Statement of the Case continuing to deny this claim in September 2003. The
Court notes that, in
November 2003, Mr. Hester filed a statement expressing that he “[d]isagree[
d] with all of the
[i]ssue[s] on appeal” and requesting “a decision on all [his] [i]ssue[s].”
R. at 770, 771.
In January 2012, the Court issued an order directing “the Secretary to
supplement the record
of proceedings with all documents pertaining to VA’s adjudication of the
claim for benefits for
7

myofascial pain syndrome with headaches” in an effort to better assess
the status of this claim.
Hester v. Shinseki, U.S. Vet. App. No. 10-3072 (Jan. 20, 2012, order).8
Although the Secretaryfiled
a supplemental record of proceedings in February 2012, the evidence
contained in this supplement
is either duplicative of that already contained in the original record of
proceedings or simply does
not relate to Mr. Hester’s claim for benefits for myofascial pain with
headaches. The Court is
therefore left to assume that VA has taken no further adjudicatory action
on this claim since the
September 2003 Statement of the Case. The Court is troubled by this state
of affairs, given Mr.
Hester’s November2003statementthatappearsto request appellatereview of all
issues thenpending
in appellate status, which would presumablyinclude the denial of his claim
for myofascial pain with
headaches. Nevertheless, because the issue of the denial of benefits on
that claim is not currently
before the Court, the Court makes no finding at this time regarding
whether the November 2003
statement constituted a Substantive Appeal, since the Court would lack
jurisdiction to do so.
Regardless, it is apparent from the record that VA has determined that Mr.
Hester’s
myofascial pain, headaches,and attendant symptoms are attributable to a
disabilityseparate from his
service-connected cervical spine disability, and that this disability is
not secondary to the cervical
spine disability or otherwise related to his service. This being so, these
symptoms are not pertinent
to the service-connected cervical spine disability that is at the heart of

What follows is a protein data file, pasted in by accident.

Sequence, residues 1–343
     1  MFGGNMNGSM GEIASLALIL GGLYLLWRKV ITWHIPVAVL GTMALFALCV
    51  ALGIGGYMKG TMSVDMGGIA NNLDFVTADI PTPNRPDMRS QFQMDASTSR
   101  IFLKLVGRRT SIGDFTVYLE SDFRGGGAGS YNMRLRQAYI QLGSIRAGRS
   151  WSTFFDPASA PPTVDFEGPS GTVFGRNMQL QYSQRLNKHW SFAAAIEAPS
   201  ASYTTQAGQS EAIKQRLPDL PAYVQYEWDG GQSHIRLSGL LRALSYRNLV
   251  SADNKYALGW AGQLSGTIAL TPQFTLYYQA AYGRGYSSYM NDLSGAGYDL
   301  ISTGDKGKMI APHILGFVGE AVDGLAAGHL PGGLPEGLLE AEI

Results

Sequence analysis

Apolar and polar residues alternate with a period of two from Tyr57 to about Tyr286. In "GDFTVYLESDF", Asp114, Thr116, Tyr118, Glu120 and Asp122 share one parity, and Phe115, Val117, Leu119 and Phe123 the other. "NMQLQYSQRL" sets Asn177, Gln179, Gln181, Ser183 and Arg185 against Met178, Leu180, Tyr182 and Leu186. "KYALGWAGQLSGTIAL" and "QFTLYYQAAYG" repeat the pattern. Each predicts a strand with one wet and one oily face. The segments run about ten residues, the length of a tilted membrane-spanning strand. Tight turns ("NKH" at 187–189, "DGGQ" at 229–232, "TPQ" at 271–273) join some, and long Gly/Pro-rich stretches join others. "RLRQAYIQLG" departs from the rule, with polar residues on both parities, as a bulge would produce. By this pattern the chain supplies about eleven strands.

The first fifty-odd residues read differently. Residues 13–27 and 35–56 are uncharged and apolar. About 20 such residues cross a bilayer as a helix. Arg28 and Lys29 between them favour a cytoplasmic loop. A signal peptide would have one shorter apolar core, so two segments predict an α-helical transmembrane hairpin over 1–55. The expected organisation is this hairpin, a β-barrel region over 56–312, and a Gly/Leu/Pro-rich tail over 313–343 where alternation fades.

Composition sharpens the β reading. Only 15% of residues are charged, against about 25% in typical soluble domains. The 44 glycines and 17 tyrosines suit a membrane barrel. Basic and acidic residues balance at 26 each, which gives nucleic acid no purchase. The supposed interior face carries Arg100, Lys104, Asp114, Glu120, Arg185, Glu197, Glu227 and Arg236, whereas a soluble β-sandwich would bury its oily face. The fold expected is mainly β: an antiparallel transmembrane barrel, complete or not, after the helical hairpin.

this appeal and the Board was
therefore not required to discuss them when conducting an extraschedular
analysis. See 38 C.F.R.
§ 3.321 (2011) (expresslystating that extraschedular evaluation should
compensate for “the average
earning capacity impairment due exclusively to the service-connected
disability or disabilities”
(emphasis added)); see also 38 U.S.C. § 7104(d)(1) (providing that the
Board must provide a
statement of its reasons or bases for its findings and conclusions only ”
on . . . material issues of fact
and law presented on the record” (emphasis added)); Caluza, 7 Vet.App. at
506 (stating that the
Board’s obligation to explain its determinations requires it to explain
its rejection of any material
evidence that is favorable to the claimant). In reaching this conclusion,
the Court emphasizes that
The Court also offered Mr. Hester an opportunity to supplement the record
with any documents he felt were
relevant but had not been included in the supplement filed by the
Secretary, see Hester v. Shinseki, U.S. Vet. App. No.
10-3072 (Mar. 15, 2012, order), but, on March 20, 2012, he filed a
response indicating that he had nothing more to add.
8
8

the propriety of the regional office’s determination that Mr. Hester’s
disorder characterized as
myofascial pain with headaches is not service connected is simply not
before the Court at this time.
In light of this discussion, the Court concludes that Mr. Hester has not
carried his burden of
demonstrating error in the Board decision now on appeal. See Hilkert v.
West, 12 Vet.App. 145, 151
(1999) (en banc) (holding that appellant has the burden of demonstrating
error), aff’d per curiam,
232 F.3d 908 (Fed. Cir. 2000) (table).
B. Claims Reasonably Raised by the Record
Mr. Hesternext argues that the Board’s statement of reasons or bases was
inadequate because
“the decision on appeal fails to explain why the evidence of headaches,
blurred vision, and loss of
balance—and evidence that these problems are associated with service-
connected cervical spine
disability—were not additional claims reasonably raised by the record.”
Appellant’s Br. at 15. This
argument is not compelling.
First, and as noted above, the record reflects that VA has recognized and
adjudicated a claim
for myofascial pain syndrome with headaches since Mr. Hester filed his
August 2001 statement
requesting a review of his condition as manifested by facial pain and
headaches. Because VA has
recognized and adjudicated such a claim, Mr. Hester’s argument that the
Board should have
discussed the possibility that evidence of headaches raised a separate
claim is without merit.
To the extent that Mr. Hester’s argument is that VA should have recognized
the possibility
of a claim for a separate condition manifested by blurred vision and loss
of balance, in support of
this argument, he cites only to various medical records documenting these
symptoms. However, it is now well established that an intent to apply for benefits is an essential element of any claim, whether formal or informal, and that such intent must be expressed in
writing. See Brokowski v. Shinseki, 23 Vet.App. 79, 84 (2009) (explaining that “the essential requirements of any claim, whether formal or informal,” are “(1) an intent to apply for benefits, (2) an identification of the benefits sought, and (3) a communication in writing”); see also 38 C.F.R. § 3.1(p) (2011) (defining a “claim” as “a formal or informal communication in writing requesting a determination of entitlement or evidencing a belief in entitlement”). Accordingly, this Court has previously held that, unless the evidence of record demonstrates the veteran’s intent to seek benefits for a particular disability, the mere existence of medical evidence referencing the disability, such as that cited by Mr.
9